• Review the current state of the science.
• Break down barriers between different groups and get them talking to one another.
• Name priorities for research and development going forward.
To that end, the organizers had set up five panels of scientists, plus one from our community. The scientists were an impressive, highly educated and highly productive bunch, with dozens of doctorates and hundreds of published papers among them. These people represented, in every sense, the SCI research system at its very best. The members of these panels held long phone calls prior to the conference, during which they worked out plans for their joint presentations. The groups focused on Acute Post-Injury, Repair, Plasticity and Regeneration, Sub-Acute and Chronic, Neuromodulation, Health and Secondary Health Effects, and Prosthetics and Robotics.
It’s a familiar list for those of us who have been trying to follow the direction of research being undertaken on our behalf. It’s also reflective of how much has changed in the last five years or so — and how much has not. Scientists work on acute damage for two reasons: It’s cheapest in terms of animal models, and there is still much to be learned about what is happening inside a recently damaged cord.
The second item on that list, repair of the chronically-injured cord, is the most difficult and complicated task, by far, and the one that will change lives the most dramatically if it can be done. The third panel focused on epidural and transcutaneous stimulation, currently being tested on dozens of men and women with spinal injuries in labs all over the United States and in Switzerland. The fourth panel addressed the need to understand how a damaged cord impacts health overall, and the final one gave us a window into the work of engineers who are busy designing ways to help that don’t involve the damaged cord at all.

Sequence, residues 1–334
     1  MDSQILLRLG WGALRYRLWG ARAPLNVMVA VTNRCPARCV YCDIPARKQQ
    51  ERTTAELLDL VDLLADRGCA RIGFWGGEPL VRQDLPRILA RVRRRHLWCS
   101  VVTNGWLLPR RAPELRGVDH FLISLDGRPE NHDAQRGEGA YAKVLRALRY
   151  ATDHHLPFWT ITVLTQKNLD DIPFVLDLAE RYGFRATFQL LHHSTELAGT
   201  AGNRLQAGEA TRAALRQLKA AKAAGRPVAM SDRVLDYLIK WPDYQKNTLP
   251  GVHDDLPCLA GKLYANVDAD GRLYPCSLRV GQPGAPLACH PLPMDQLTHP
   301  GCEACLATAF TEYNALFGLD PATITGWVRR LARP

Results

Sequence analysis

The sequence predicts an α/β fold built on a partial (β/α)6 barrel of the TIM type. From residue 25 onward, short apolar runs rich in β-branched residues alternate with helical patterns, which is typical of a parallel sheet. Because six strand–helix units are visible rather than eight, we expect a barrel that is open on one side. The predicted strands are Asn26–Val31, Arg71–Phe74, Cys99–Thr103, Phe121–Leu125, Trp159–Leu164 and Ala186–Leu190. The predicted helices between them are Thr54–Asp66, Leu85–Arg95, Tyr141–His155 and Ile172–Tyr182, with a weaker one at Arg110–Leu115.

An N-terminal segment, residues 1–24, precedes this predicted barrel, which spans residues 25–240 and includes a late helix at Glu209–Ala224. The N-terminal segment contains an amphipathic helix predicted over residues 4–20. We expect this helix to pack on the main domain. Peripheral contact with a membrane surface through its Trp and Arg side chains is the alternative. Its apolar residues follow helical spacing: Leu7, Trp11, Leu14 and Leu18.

Each scientific panel had a chairperson, three speakers and two people to facilitate question and answer sessions once the presentation was done. These took place, over and over — an hour and 15 minutes at a pop — for two long days.
If this sounds exhausting, it was. A whole lot of very complex and inter-related issues present themselves when you move to the 40,000-foot level and try to take in the whole landscape at once.
The Greatest Resource
When Jakeman described the event’s goals on the first day, she used a slide to illustrate the problem as she saw it. It was a picture of a group of five silos, each self-contained and unconnected to the others. The silos were labeled clinicians, pre-clinical researchers, health¬care providers, engineers and industry. To her mind, this was the problem — these people weren’t talking to one another. Off to one side of the image, floating in the empty blue sky, were the words, “People with SCI.” People with SCI aren’t in any of the silos. People with SCI are outside the system of silos. People with SCI are floating, useless and impotent, somewhere out of range.
Rob Wudlick, in the moment of his extremity, wasn’t floating uselessly. He was directing the action. He was using his knowledge and authority to save his own life, with the help of his friends. That is the reason for advocacy, both for faster cures and for better care. Barry Munro, a wheelchair-using advocate from the Canadian Spinal Research Organization, reminded the scientists that people living with SCI are a readily-available resource, with thousands of years of knowledge about this injury to contribute. What if we could get inside those silos, not once a year or for one panel, but every day? What if we could routinely help direct the course of research to lead efficiently to better care and faster cures?
Now that would be disruptive.